This week's cartoon by our Bill McLemore:
You are wrong on taxation
To the editor:
Regarding your contention that I dont pay too
much in taxes compared to other states, I think you are wrong. I
dont dispute that real property tax on my owner-occupied home
is close to that our neighboring states, but we are still higher.
And there is no disputing that our state income tax rate is higher
than North Carolina and Georgia. I do agree that our sales taxes
are a bit lower than our neighbors.
But you are dead wrong when you factor in personal property. I
have lived in both North Carolina and Georgia, our immediate neighbors,
in the last five years. An automobile (that I still own) was taxed
in Fulton County Georgia (one of the highest property tax areas
of Georgia) at $80 a year when I left. The same automobile two years
earlier in Forsyth County North Carolina was taxed at about $160.
Today that car is 11 years old, has 148,000 miles on it, and Lexington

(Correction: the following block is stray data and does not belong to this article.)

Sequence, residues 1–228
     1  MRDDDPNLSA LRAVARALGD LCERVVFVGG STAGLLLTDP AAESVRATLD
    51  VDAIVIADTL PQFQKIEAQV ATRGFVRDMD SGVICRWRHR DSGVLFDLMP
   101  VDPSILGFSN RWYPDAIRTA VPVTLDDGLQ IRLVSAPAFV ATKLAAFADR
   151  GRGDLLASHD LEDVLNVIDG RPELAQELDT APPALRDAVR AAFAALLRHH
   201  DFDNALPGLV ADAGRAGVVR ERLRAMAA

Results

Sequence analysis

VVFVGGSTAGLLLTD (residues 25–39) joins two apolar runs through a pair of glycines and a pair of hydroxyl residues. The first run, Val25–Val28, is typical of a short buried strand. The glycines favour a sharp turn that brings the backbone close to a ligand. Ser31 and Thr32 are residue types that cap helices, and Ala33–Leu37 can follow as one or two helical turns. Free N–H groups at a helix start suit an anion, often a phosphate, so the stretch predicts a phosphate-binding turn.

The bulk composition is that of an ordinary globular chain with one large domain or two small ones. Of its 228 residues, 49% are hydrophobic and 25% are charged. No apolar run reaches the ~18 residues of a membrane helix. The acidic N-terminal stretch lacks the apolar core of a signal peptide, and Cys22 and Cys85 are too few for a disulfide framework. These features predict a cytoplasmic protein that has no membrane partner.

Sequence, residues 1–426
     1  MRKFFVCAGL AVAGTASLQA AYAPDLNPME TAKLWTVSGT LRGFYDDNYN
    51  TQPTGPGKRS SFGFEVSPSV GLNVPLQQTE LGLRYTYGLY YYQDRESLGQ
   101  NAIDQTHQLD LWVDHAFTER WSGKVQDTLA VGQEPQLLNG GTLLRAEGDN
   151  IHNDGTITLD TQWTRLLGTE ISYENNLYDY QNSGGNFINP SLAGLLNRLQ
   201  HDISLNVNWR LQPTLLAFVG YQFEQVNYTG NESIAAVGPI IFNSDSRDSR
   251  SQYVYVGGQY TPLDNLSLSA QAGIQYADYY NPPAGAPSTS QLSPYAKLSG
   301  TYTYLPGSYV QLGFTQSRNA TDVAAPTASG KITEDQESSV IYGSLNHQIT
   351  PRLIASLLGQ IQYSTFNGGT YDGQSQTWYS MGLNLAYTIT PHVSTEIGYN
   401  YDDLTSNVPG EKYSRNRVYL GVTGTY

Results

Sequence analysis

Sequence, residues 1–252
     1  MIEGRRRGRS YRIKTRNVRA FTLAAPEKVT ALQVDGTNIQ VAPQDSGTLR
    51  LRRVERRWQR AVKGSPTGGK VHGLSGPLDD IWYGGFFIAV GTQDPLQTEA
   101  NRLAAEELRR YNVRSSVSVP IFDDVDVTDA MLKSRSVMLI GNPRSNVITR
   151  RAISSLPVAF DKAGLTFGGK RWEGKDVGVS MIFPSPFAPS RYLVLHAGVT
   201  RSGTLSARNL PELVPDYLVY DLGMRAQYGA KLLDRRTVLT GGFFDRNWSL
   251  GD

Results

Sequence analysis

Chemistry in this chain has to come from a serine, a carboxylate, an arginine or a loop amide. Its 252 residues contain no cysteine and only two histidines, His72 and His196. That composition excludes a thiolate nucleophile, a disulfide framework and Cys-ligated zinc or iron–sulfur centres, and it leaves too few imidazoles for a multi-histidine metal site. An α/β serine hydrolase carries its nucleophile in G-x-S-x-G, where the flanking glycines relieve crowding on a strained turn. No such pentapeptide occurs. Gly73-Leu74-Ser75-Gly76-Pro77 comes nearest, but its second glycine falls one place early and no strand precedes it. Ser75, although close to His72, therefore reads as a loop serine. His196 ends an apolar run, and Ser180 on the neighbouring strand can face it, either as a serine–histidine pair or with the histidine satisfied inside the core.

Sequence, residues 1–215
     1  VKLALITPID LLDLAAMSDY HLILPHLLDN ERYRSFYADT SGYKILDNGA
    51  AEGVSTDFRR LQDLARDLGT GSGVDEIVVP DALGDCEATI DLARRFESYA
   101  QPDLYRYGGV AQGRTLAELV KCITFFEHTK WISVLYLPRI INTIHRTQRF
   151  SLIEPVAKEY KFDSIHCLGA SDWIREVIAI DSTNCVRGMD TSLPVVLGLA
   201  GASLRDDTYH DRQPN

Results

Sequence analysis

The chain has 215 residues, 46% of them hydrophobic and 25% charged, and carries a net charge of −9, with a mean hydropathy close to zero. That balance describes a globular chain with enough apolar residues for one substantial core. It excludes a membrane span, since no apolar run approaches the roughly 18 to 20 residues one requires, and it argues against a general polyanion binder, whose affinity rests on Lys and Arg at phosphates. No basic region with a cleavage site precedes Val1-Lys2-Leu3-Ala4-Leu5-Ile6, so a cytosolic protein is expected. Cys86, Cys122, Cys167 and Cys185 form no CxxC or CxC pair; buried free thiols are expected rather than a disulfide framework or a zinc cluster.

County South Carolina taxes it at $280 a year. I own three cars
and my total property tax bite on them is more than $2,000 a year.
When you throw in personal property tax, which is often ignored,
we take a lot bigger hit here in South Carolina than many people
are willing to admit.
And by the way, I have owned similar homes in all three states
in terms of value. The property taxes in North Carolina were definitely
lower (and I was paying municipal taxes too). Georgia was about
the same as my home here in Lexington, but since I bought my home
in 2001 my property taxes have marched up 20%. That never happened
anywhere else I lived.
You can make numbers say anything you want, but I have experience
to make my comparison by. South Carolina over-taxes its citizens
and to compound matters, we waste a lot it. It is time to stop talking
about where new money for government is going to come from and time
to start talking about how we are spending the money we have.
-- Michael E. Dey, Director of Government Affairs, South Carolina
Association of REALTORS®